“Consumers seem to be spending more time on social media and therefore are more influenced by the marketing of branded jewellery. They are searching out particular retailers who stock the brand they have seen online,” she explains.

“Online, retailers can utilise the social media assets provided by the brand and re-share content to let consumers know they are stockists, driving consumers to their store or website.

“In-store, retailers can offer important services that aren’t available online – the ability to touch, feel and see the jewellery in real life, plus the all-important customer service,” Abbott adds.

The e-commerce effect

During the COVID-19 pandemic, e-commerce – particularly digital marketing and drop-shipping capabilities – gave the branded jewellery category an advantage, as consumers increasingly moved online.

Rachael Abbott, Time Supply
Rachael Abbott, Time Supply
““It is so important to display jewellery well – uncluttered, clean, and changing stock around to keep regular customers interested. Branded products should be displayed in the style recommended, so that consumers can easily recognise it.”
Rachael Abbott, Timesupply

Brands can continue to advertise digitally during lockdown periods, and often have a strong social media presence, putting them at the forefront of consumer’s minds,” confirms Laing.

In its Inside Australian Online Shopping Update, published in January 2021, Australia Post reported that more than 9 million households had made an online purchase in 2020; an increase of 10 per cent compared with the previous year.

In December alone, the number of online purchases rose 34.9 per cent, compared with the same month in 2019. E-commerce currently represents approximately 10 per cent of the Australian retail market – a figure predicted to increase substantially in the coming years.

Says Edwards, “COVID-19 forced a significant focus on the importance of e-commerce and many retailers have been able to adapt to make e-commerce an extension of their existing retail business.”

He adds, “The marketing campaigns, communications strategies and e-commerce support that we implement for the brands we distribute are tailored to the local target market while maintaining the international brand messages and expectations.

“We support and work together with retailers to ensure the benefits of stocking our branded jewellery ranges are maximised.”

When choosing brands to stock, retailer Staley looks for suppliers who are “willing to work with me”.

“Can I swap or exchange pieces that I know will not work for me?

“Will they provide adequate material so I can brand the range properly in the store window – not just a poster and a strut card? If I have some of the range too long, are they willing to take back old pieces and exchange for items that do not move in my location?”

Laing also emphasises the importance of retailers working collaboratively with brands to ensure a seamless retail experience between e-commerce and bricks-and-mortar.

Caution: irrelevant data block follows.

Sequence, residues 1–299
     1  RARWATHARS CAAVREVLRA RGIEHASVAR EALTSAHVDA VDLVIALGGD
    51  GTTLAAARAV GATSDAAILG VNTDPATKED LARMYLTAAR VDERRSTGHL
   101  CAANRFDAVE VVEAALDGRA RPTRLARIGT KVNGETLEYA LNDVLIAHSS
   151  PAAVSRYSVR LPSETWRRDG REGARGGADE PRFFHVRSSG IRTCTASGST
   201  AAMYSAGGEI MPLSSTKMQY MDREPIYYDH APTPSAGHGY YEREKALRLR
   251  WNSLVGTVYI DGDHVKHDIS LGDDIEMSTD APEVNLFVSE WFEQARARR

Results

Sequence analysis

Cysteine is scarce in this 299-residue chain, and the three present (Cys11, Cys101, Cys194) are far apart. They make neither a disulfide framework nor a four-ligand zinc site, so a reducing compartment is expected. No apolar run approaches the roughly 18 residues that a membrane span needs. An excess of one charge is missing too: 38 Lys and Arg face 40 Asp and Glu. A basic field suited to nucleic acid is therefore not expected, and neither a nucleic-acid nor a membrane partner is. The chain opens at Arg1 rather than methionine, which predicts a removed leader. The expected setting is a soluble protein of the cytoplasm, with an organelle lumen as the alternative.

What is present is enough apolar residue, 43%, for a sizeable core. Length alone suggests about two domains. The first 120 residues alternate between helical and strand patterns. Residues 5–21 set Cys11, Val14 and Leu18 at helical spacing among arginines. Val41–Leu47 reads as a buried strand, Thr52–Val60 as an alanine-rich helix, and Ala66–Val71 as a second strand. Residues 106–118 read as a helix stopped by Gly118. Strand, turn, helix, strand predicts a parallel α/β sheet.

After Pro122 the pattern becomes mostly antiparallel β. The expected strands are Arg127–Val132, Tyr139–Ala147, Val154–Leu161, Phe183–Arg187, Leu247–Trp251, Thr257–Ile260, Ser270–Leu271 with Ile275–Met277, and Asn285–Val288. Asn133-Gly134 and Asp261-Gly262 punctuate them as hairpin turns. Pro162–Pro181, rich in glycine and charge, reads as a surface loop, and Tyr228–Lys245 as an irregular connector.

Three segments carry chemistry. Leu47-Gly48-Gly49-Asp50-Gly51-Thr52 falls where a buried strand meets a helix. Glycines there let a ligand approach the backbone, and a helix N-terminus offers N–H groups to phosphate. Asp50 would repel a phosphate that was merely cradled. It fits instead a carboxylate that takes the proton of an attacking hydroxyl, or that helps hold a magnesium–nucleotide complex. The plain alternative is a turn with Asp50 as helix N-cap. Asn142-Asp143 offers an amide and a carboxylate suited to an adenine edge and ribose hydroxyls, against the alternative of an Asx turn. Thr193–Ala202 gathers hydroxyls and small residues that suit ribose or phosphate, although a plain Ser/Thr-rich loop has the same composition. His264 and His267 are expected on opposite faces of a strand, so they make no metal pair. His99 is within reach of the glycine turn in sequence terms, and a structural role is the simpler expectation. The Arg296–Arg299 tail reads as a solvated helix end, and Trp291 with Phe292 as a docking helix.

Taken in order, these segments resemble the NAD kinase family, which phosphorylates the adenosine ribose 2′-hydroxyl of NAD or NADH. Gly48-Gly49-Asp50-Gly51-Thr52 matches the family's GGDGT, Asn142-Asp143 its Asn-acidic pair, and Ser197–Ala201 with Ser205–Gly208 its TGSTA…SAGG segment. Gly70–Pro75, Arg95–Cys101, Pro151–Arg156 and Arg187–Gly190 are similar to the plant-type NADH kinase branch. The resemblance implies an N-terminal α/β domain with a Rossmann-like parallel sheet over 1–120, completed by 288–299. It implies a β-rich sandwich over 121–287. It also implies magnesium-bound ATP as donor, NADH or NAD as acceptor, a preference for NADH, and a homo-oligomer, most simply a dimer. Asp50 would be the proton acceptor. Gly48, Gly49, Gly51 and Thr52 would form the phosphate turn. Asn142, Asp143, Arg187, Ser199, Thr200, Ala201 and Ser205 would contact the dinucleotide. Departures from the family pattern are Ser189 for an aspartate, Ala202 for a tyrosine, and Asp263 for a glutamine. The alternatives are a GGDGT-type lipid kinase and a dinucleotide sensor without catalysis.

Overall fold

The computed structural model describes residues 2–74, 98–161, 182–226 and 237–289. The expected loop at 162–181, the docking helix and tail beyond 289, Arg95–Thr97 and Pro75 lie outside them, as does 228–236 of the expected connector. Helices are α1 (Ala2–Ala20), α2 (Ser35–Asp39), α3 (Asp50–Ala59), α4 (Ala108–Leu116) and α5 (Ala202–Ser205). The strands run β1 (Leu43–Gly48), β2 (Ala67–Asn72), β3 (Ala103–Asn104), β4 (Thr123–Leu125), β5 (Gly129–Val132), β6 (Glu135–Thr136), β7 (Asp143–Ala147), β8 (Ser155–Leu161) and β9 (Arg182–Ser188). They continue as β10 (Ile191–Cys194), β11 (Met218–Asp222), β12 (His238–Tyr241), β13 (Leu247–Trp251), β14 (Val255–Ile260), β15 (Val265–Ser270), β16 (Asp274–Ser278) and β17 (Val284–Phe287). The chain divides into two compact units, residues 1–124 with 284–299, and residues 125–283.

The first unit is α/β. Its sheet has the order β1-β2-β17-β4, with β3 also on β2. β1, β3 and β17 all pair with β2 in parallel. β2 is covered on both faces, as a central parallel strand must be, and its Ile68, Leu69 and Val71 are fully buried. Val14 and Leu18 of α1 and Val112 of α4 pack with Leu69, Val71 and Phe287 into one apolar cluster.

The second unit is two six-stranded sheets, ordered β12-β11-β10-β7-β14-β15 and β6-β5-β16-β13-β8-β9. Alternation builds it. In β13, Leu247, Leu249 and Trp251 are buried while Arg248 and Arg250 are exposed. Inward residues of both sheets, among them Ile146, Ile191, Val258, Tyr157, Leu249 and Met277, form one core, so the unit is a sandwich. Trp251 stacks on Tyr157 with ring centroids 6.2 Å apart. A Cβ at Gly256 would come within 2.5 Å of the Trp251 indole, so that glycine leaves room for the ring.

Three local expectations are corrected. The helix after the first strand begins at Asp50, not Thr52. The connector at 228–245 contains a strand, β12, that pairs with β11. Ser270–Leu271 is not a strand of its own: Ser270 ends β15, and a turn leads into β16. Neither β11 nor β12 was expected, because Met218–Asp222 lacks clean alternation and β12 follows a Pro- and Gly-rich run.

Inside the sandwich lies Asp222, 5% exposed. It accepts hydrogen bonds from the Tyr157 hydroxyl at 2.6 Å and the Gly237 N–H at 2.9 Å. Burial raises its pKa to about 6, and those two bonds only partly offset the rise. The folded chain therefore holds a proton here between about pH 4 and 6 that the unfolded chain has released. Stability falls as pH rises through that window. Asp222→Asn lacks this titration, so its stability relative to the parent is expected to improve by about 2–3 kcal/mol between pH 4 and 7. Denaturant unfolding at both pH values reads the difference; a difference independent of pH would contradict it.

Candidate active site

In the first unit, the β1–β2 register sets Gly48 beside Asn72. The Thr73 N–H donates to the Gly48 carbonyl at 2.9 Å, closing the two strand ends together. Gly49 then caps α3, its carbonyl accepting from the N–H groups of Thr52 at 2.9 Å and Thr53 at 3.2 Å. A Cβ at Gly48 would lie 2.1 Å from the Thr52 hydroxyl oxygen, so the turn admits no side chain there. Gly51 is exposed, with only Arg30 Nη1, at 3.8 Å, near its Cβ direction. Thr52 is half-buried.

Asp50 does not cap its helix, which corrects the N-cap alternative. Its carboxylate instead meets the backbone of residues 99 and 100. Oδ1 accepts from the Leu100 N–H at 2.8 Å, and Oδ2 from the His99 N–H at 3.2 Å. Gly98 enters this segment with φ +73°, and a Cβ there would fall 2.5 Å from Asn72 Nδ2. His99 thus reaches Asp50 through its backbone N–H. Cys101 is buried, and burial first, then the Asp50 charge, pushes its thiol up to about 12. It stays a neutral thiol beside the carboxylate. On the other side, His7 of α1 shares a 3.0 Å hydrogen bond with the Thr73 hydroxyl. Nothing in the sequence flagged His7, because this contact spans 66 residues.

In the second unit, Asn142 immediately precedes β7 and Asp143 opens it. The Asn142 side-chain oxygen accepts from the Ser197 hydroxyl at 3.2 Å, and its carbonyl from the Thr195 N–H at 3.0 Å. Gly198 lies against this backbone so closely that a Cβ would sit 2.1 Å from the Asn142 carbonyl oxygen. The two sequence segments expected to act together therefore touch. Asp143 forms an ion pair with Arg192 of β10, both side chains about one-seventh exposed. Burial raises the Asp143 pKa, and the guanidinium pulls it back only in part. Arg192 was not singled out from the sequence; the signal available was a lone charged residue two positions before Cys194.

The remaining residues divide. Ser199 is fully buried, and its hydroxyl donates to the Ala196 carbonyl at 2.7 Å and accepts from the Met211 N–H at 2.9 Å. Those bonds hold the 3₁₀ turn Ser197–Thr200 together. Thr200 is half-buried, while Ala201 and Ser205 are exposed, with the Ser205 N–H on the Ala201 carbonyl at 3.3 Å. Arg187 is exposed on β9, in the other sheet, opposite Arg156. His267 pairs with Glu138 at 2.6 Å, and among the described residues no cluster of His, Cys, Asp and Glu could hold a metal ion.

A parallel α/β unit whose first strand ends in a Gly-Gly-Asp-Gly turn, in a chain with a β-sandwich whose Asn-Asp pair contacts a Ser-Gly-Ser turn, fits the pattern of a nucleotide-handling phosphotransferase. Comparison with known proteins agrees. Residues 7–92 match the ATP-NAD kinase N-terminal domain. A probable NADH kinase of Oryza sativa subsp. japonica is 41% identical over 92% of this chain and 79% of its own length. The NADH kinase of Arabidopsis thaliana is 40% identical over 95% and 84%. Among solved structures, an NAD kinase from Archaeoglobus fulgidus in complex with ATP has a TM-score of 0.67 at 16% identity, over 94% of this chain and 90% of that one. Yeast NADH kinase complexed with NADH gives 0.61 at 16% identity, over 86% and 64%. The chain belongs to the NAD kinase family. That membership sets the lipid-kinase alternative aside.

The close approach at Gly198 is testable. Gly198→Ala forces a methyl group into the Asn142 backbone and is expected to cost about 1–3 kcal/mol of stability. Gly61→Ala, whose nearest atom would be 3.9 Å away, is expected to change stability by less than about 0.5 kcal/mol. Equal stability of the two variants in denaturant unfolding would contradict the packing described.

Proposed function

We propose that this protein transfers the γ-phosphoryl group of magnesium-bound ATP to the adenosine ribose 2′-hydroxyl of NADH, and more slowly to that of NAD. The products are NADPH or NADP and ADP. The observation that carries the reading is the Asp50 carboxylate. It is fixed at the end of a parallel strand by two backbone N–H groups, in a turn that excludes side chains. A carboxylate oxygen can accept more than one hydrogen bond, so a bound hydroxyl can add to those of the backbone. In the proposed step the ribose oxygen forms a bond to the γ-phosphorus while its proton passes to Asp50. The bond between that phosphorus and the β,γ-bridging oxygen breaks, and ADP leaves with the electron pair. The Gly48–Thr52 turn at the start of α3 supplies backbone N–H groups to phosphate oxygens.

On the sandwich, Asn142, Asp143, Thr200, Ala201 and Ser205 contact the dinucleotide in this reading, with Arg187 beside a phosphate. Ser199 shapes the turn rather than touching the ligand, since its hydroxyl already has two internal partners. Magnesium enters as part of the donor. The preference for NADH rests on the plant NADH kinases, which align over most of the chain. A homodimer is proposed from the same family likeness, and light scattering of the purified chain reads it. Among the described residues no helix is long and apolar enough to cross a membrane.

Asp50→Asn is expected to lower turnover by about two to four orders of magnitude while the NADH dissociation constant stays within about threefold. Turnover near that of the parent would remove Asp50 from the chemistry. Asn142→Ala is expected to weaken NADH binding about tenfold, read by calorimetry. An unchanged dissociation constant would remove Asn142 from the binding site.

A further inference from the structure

“The online space is highly competitive and retailers would do well to work in unison with quality brands to keep a quality shopping experience for their customer base,” she says.

“The principles of online shopping are similar to that of in-store. Online, you would set up your e-commerce platform to have a page for each brand so customers can shop for brands separately. Images should be high-quality, uniform and attractively displayed – just as jewellery would be in-store.”

Trends and opportunities
Louise Laing, Stow Lockets
Louise Laing, Stow Lockets
“As 2021 brings individualism and resilience, customers are looking for pieces that will make a statement and brands that connect with their inner ethos.”
Louise Laing, Link Wholesale

Not only has the pandemic increased the number of consumers shopping online and discovering brands via social media, but it has also changed the types of jewellery they wear.

“Earrings are certainly proving to be a big seller showing popularity in online meetings,” says Abbott.

“There is a move towards more colour, whether mixed metals – gold, rose gold and silver – or in coloured finishes such as enamel or Swarovski crystals.”

Franich also noted, “The major trends are single, stacked, and atypical earrings, colour, layering and stacking, hardware long link chains, and bracelets.”

At Duraflex, Edwards also named “single earrings, mismatched earrings, and colourful stone jewellery” among the key trends across its brands, as well as letter necklaces.

Meanwhile, Laing has observed a move toward meaningful, personal pieces during 2020: “Sentimental, story-telling jewellery is trending worldwide. With the pandemic affecting us emotionally, we see customers investing in meaningful pieces that stand the test of time.”

Timesupply’s Abbott noted a similar trend, telling Jeweller, “Nomination personalised jewellery has had huge growth during COVID-19, allowing friends and family to gift special messages of love and luck, or for a celebration they can’t attend, to show they are thinking of each other.”

The collectible, customisable Qudo and Nomination lines have also delighted consumers, who “love to show their own compositions of bracelets or rings”.

Overall, branded jewellery has an important role to play in the stock mix of jewellery stores – and with COVID-19 accelerating retail’s e-commerce evolution, brands are well- placed to assist retailers in taking a slice of the pie, both online and offline.

 

bRANDED Jewellery

Above: Thomas SaboAbove: RASAbove: Qudo
Above: PandoraAbove: Ole LynggardAbove: Nomination
Above: Les NereidesAbove: Karen WalkerAbove: Georgini
Above: Les NereidesAbove: Coeur de LionAbove: Ania Haie